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THE REVOLUTION HAS BEEN DOCUMENTED

 

By Mark Anthony Neal |with thanks to NewBlackMan

 

Saturday, March 3, 2012.

 

When the Black Power Mixtape premiered at the Sundance Film Festival a year ago with co-producer Danny Glover in tow, it generated a lot of excitement, as much for the promise of bringing the Black Power era in conversation with the hip-hop aesthetic as it was some confirmation of the distance traveled from outhouses to White Houses.  Traveling the indie film route, few have had the chance to see the film, which recently debuted on public television as part of PBS’s long-running series, Independent Lens.

 

If Black Power could be thought of as a brand, there are few brands that have resonated as powerfully in American culture as it has.  More than a brand and perhaps even more than a movement, Black Power has symbolized the possibilities of Black self-determination in virtually every aspect of the Black experience, which explains why the term has become the lingua franca from everyone from 1960s freedom fighters to 21st century rap artists reflecting on their personal wealth.  

 

Many have sought to distance the Black Power era from the Civil Rights Movement. Historian and Martin Luther King, Jr. speechwriter Vincent Harding reminds in the book Redefining Black Power: Reflections of the State of Black America (edited by Joanne Griffith), “one of the most important teachings of many of the black power practitioners was their insistence that we stand with the poor, that we identify with the poor and, of course, King, himself, was very clearly saw that.  That is why I don’t accept the “two camps” thing, because that is what he said explicitly.”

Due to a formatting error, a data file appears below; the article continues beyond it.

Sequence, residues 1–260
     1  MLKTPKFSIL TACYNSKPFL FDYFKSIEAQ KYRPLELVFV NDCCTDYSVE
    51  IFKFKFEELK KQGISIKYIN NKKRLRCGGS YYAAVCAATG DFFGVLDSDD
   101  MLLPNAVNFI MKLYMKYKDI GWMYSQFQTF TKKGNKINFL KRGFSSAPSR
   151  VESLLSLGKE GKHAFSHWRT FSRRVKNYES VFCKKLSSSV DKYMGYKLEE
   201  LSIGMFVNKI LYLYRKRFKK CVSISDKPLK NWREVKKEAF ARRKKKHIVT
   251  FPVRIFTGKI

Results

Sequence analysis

Beyond the “Sexy” the Black Power has come to represent in the popular imagination—the leather jackets, the berets, the guns—there were men and women who pushed back mightily against the status quo and the State in pursuit of broad-based social justice. The Black Power Mixtape valiantly attempts to pay tribute to those people.

 

 

The film, directed by Goran Hugo Olsson, primarily consists of archival footage collected by Swedish television journalists between 1967 and 1975.  The footage is simply extraordinary; it highlights the incredible access that the journalists had to the movement, whether interviewing Stokely Carmichael in Stockholm, capturing the early morning song of Black children at the Black Panther Party breakfast program (“guns, pick up the guns, pick up the guns, put the pigs on the run.”) or sitting with legendary Harlem bookstore owner Lewis H. Michaux amidst his book collection, recalling Burgess Meredith in the classic Twilight Zone episode “Enough Time.” It is Michaux, who often hosted rallies in the front of his store featuring Malcolm X (el Hajj Malik el-Shabazz), who perhaps offers the important corrective to our understanding of Black Power arguing, “Black is beautiful, but black isn’t power; knowledge is power.”

 

Yet the value of that footage is continuously undermined by the inability of Olsson to provide enough context to the very images that prove so alluring to anyone who watches the film.  There’s a telling scene, for example, early in the film, when members of the Swedish press are interviewing Stokely Carmichael’s mother Mabel in Chicago; it’s a touching moment, one where Ms. Carmichael’s son is captured in an unguarded moment, far removed from the fiery figure that mainstream America knew him as.

 

Yet Carmichael, grabs the microphone to conduct the interview with his mother asking her critical questions about race in America, that the film crew was largely incapable of asking.  It’s a point that Angela Davis, who was on the FBI’s “most wanted list,” also makes even more dramatically in a prison interview, where she chides the interviewer for asking her to repudiate violence, without having a full understanding of the violence that had been historically directed at Black Americans.